Responsibility to Future Generations: Renewable Energy Development on Tribal Lands
Today, the President announced his comprehensive plan to cut the carbon pollution that is changing our climate and affecting public health. Reducing carbon pollution will keep our air and water clean and safe for our kids and grandkids. It will also create jobs in the industries of the future as we modernize our power plants to produce cleaner forms of American-made energy that reduce our dependence on foreign oil. And it will lower home energy bills and begin to slow the effects of climate change.
While no single step can reverse the effects of climate change, we need to begin preparing to leave a safe and clean planet to our children. Last weekend, in the desert northeast of Las Vegas, Nevada, I had the privilege of visiting a project that is already working to meet the challenges laid out today in the President's Climate Action Plan. The intense desert heat and bright sun made it crystal clear to anyone who stepped outside that this location has plenty of solar energy to harness.
The Moapa Solar Project, on the Moapa River Indian Reservation, is a 350 megawatt solar energy project that will help power over 100,000 homes and generate 400 jobs at peak construction. The Moapa Paiute tribe has set aside approximately 2,000 acres of their 72,000 acre Reservation for the project, including some acreage to ensure a protected habitat for the endangered desert tortoises living near the project. A commitment to protect their tribal homelands from the effects of existing power sources led this tribe to gain approval from the Secretary of the Interior in 2012 for construction of the first utility-scale solar project on tribal lands. As part of the President's all-of-the-above energy strategy, the Moapa Solar project will help reduce our dependence on foreign oil while creating good jobs in the heart of Indian Country - jobs that can’t be shipped overseas.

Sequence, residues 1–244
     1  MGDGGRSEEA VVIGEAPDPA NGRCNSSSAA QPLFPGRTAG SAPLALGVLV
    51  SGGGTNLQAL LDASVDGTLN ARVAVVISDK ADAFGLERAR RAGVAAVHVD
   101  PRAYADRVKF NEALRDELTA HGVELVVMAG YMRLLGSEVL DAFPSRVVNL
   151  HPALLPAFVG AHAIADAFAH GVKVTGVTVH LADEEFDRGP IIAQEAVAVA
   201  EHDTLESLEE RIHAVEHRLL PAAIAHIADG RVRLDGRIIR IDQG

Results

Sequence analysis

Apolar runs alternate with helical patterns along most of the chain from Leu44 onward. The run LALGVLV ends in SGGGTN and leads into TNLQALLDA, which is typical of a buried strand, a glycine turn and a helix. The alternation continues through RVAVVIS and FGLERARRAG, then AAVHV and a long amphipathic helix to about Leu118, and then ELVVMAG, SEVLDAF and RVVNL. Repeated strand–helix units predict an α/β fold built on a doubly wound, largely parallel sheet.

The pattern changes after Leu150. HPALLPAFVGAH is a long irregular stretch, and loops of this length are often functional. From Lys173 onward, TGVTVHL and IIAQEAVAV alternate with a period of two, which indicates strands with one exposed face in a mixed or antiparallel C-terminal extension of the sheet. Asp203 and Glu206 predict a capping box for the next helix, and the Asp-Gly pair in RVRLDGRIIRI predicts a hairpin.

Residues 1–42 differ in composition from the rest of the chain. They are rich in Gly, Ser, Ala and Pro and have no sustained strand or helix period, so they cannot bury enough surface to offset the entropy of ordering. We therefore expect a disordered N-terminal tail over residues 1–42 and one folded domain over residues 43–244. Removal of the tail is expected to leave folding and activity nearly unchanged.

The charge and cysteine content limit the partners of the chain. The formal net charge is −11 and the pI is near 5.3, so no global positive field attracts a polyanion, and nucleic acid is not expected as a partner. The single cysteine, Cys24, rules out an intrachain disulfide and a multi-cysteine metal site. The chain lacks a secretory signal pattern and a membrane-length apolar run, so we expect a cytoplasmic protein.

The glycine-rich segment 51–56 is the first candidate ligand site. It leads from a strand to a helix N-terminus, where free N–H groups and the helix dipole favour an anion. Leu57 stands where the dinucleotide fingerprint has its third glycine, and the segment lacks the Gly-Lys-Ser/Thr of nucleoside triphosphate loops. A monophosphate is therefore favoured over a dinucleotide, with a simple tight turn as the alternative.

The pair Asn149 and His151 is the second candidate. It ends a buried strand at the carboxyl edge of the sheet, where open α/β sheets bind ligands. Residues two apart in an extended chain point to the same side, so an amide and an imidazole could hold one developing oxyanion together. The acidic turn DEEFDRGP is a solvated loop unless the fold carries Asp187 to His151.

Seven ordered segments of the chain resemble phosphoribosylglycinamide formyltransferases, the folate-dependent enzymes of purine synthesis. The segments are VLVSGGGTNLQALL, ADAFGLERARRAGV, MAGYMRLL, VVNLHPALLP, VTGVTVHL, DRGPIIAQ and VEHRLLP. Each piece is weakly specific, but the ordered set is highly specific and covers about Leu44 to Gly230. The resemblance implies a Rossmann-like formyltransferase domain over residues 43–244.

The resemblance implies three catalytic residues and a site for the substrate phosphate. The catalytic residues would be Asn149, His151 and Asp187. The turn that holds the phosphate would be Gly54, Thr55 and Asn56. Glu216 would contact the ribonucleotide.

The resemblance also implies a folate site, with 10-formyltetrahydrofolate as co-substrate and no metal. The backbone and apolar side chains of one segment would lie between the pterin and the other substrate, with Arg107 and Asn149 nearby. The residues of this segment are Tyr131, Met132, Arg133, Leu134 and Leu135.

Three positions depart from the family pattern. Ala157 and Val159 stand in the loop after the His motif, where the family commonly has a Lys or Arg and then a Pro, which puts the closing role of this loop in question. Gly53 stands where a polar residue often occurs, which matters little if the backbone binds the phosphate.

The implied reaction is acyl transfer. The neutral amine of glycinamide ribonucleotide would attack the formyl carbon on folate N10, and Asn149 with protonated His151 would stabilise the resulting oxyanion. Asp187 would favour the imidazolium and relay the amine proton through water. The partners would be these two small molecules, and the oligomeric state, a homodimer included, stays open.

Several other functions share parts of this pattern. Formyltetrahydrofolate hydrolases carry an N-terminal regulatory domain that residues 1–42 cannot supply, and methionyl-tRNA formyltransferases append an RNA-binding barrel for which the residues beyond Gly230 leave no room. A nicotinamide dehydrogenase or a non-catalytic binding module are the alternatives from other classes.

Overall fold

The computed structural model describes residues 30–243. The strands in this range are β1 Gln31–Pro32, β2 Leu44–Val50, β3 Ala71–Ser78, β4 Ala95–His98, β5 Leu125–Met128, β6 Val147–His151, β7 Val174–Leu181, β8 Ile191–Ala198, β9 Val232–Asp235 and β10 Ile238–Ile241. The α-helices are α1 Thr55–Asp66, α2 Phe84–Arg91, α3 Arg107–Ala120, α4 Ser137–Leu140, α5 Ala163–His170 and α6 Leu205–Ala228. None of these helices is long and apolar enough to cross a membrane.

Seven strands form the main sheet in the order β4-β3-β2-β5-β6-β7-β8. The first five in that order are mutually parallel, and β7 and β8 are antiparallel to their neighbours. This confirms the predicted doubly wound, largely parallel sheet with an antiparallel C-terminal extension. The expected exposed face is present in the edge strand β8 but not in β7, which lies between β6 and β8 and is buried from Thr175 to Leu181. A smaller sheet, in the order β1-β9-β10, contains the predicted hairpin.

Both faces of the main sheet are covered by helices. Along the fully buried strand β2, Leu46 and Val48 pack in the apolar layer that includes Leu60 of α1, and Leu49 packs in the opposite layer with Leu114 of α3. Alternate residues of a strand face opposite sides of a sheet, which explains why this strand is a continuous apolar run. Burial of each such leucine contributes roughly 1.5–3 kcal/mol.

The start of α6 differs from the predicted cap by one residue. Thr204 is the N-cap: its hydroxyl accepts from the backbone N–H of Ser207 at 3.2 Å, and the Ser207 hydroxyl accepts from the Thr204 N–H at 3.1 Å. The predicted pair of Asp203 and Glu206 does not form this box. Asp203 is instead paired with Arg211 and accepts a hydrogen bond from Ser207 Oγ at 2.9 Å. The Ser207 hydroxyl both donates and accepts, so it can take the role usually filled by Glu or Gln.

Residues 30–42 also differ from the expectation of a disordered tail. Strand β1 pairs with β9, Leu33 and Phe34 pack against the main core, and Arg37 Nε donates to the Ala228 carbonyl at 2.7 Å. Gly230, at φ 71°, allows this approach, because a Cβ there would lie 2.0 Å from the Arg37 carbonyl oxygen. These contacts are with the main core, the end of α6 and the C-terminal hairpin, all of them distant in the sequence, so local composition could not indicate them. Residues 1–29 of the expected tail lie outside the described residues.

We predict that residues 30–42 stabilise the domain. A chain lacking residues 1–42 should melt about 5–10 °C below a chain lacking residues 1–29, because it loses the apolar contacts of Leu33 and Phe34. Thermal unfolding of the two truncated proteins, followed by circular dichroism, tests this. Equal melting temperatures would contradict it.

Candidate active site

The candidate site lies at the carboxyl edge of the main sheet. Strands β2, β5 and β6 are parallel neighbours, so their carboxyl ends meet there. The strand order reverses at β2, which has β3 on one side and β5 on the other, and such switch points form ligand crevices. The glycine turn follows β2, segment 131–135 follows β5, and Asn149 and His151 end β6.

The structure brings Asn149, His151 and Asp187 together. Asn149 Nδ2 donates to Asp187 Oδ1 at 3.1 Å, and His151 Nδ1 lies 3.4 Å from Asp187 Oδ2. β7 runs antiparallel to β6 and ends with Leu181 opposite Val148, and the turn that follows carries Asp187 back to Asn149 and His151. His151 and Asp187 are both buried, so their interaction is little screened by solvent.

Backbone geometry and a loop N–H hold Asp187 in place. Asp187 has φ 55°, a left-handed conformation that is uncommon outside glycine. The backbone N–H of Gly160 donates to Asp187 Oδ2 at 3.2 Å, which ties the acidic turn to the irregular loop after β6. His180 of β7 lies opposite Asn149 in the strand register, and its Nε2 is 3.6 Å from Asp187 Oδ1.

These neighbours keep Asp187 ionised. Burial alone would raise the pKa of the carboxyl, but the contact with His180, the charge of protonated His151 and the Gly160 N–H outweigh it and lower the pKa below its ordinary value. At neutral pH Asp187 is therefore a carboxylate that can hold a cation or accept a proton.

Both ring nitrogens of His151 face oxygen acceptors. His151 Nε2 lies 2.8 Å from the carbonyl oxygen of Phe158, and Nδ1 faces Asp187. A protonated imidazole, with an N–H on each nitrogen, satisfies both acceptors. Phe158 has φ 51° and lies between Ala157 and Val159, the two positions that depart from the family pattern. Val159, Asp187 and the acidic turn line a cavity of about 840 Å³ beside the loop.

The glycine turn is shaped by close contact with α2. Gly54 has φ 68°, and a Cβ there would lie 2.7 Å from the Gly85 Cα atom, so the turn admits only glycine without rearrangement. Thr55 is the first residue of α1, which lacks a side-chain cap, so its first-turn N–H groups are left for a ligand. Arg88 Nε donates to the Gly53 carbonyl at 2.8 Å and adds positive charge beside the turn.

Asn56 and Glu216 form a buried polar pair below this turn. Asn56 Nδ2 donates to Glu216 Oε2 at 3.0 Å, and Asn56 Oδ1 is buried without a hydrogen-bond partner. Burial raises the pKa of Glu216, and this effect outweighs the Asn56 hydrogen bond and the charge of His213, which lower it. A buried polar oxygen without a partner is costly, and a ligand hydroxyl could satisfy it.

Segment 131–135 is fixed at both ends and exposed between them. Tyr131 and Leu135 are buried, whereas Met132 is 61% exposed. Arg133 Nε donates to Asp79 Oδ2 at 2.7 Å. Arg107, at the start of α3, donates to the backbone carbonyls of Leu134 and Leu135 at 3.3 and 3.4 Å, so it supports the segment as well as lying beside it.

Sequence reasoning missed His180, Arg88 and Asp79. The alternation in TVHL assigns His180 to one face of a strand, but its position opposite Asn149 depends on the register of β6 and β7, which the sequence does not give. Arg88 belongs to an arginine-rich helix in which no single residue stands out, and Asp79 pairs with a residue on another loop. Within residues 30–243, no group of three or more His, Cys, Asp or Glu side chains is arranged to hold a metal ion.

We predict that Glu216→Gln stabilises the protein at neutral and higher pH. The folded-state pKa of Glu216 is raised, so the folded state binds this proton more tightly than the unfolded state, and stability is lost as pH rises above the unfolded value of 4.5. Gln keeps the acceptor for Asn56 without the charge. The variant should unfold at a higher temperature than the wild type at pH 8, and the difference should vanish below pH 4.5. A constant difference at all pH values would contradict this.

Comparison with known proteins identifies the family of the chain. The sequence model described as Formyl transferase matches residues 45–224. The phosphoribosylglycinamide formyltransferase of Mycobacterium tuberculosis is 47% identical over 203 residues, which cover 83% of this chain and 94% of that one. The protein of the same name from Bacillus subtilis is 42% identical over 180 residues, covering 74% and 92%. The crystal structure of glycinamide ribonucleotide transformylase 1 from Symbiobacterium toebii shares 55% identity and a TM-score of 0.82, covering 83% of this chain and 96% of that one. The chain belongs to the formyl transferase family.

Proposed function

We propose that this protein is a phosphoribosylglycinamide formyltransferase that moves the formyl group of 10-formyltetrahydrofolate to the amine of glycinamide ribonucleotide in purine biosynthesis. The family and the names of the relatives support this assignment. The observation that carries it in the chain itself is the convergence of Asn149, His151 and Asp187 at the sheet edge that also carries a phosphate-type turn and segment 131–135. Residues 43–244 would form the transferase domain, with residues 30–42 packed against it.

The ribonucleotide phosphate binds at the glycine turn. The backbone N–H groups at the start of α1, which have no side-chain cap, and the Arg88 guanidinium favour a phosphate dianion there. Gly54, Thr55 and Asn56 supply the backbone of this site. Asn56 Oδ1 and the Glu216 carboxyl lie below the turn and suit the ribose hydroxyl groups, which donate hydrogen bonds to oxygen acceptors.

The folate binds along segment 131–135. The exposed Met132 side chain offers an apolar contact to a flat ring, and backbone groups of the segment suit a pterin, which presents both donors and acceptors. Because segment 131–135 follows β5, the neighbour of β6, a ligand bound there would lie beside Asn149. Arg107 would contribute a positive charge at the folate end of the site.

The 56 million acres of tribal lands in the United States hold great potential for solar, wind and geothermal projects, and the Obama Administration remains committed to working with tribes on a government-to-government basis to help break down the barriers to clean energy development. The passage of the HEARTH Act and the recently updated Department of the Interior regulations to streamline leasing on tribal lands are returning greater control over land use decisions to tribes, and individual landowners are already helping to promote housing and economic development throughout Indian Country. The Moapa Solar Project holds valuable lessons that we will look to as we seek to encourage additional clean energy projects on tribal lands.
While visiting the site of the Moapa Solar Project, I also had the pleasure of meeting a dedicated group of tribal leaders and project managers who are working hard to make this project a reality. I appreciated their hospitality on a hot Saturday afternoon. All the best to Chairman Anderson, and a warm thank you to Vice Chairman Lee, Environmental Coordinator Darren Daboda, the Moapa Tribal Council and other tribal leaders who are working hard to bring clean energy and good jobs to their community. I applaud the Moapa Tribe’s leadership, vision and perseverance, and wish them all the best in this exciting endeavor.
David Agnew is the Director of the White House Office of Intergovernmental Affairs.
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